It’s less than eight hours after a bleary-eyed group of executives and attorneys shuffled into a small conference room at a New York office building to deliver the news: a tentative deal is in place. The lockout is over.
Now begins the process of unraveling what happened and how, and determining what the new CBA will take shape as under the new detail. We have the first of those details this morning, via NBA.com’s David Aldridge on NBATV and Chris Sheridan of SheridanHoops.com. The early signs are that the owners made significant concessions to the players (after already winning the feast) in order to get a deal. In short:
- The players got a concession on Basketball Related Income, which no one saw coming. The owners’ proposal always called for a band of 49-51 for the players, depending upon revenue. (The players would get 51 percent if revenues exceeded expectations, 49 if they fell below, and 50 percent if they met expectations.) But the players were never going to hit 51 without the greatest basketball-economic explosion in history. Instead, the threshold for the players to reach 51 percent has reportedly been lowered to a point where that figure is reachable for the players.
- In addition, the players got one of the biggest elements they were looking for, as the extend-and-trade ban was lifted. This means that Chris Paul, Dwight Howard, and Deron Williams can all exercise the same kind of leverage to get the extra year on their deals that Carmelo Anthony exerted. It means more player movement.
- Teams above the cap will have a four-year Mid-Level-Exception granted every year. The owners had wanted it to alternate between four and three-year deals each season.
- Tax teams will have the sign-and-trade available, though there will be limits, which aren’t known yet.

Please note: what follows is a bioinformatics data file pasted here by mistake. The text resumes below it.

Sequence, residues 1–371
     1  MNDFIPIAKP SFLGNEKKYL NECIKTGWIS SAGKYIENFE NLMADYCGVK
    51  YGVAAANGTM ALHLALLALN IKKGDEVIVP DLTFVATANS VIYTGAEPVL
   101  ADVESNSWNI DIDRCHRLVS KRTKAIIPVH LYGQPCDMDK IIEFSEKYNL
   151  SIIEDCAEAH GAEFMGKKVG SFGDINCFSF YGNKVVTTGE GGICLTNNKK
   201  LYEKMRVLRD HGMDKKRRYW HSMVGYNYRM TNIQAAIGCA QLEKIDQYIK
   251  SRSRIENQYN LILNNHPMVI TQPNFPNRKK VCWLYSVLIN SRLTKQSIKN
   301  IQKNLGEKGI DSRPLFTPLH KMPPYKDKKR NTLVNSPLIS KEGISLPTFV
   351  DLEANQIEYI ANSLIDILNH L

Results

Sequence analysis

- Escrow payments were raised to 10 percent, which the players wanted, against the owners’ desire for 8 percent. They are currently at 10 percent.
- The deal is a ten-year agreement with an opt-out for either side after six years. See you in six seasons!
The deal represents kind of a “fake” win for the players and a fake series of concessions from the owners. They already chopped off seven percent of BRI, increased penalties for tax teams, got the “repeater tax” put in place for teams that pay the tax year after year, and pretty much everything else they wanted. They set such an extreme position that they were able to concede on the issues they did and still walk away winners. But the concessions were major, especially those regarding player movement. The owners finally caved to get us a season, even if they’d already won the battle.
The owners got what they wanted, the players got to save some face, and the fans get a season. How u.
Tommy Hawkins passed away recently at the age of 80.
The former NBA player was the first black athlete to earn All-America honors in basketball at Notre Dame (he still holds the school’s total rebounds record), was drafted in the first round, and went on to have a 10-year NBA career playing for the Minneapolis/Los Angeles Lakers as well as the Cincinnati Royals. Los Angeles fans may also remember him as the long time director of communications for the Los Angeles Dodgers after his playing days ended.